The bug had to do with converting touch events to world units properly. This is a common issue as its often better to work in "World Units" instead of pixels so that you can better manage units relative to your game world rather than whatever device might happen to be running the game. Even better, being a common practice, most engines and libraries provide a quick way to do this via your camera object(s). LibGDX is no exception and the Camera API provides both project() and unproject() methods

//Based on working in a Screen of 640x960 pixels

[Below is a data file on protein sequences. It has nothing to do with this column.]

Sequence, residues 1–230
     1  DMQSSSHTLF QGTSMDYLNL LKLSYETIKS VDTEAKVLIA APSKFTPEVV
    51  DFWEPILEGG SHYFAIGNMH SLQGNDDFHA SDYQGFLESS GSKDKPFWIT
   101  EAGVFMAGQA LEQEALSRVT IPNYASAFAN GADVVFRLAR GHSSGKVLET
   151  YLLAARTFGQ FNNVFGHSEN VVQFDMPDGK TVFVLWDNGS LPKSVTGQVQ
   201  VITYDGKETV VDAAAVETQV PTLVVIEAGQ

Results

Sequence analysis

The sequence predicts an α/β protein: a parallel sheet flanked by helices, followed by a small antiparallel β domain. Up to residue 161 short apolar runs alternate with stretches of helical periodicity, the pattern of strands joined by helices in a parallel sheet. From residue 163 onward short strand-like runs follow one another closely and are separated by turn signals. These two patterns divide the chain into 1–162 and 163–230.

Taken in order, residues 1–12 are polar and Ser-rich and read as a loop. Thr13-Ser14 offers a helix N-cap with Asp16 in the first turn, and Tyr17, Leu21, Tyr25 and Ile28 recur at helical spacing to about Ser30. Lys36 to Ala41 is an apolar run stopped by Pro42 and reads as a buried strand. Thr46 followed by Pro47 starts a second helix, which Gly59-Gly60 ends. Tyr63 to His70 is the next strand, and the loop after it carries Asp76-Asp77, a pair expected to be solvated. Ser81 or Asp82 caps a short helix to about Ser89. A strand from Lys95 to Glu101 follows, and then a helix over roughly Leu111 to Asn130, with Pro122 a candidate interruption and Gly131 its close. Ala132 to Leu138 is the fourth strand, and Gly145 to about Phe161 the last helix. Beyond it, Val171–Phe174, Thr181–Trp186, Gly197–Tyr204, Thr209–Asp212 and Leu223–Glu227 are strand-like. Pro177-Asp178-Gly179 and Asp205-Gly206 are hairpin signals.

//Our desired width and Height in world units
private static final float WORLD_WIDTH = 20f;
private static final float WORDL_HEIGHT = 30f;

private Vector3 screenPoint = new Vector3(320f, 480f, 0f);
private Vector3 worldPoint = new Vector3(10f, 15f, 0f);

Camera cam = new OrthographicCamera(WORLD_WIDTH, WORLD_HEIGHT);
//World to Screen
cam.project(worldPoint); //worldPoint is updated to have values [320f, 480f, 0f] //Screen to World cam.unproject(screenPoint); //screenPoint is updated to have values [10f, 15f, 0f]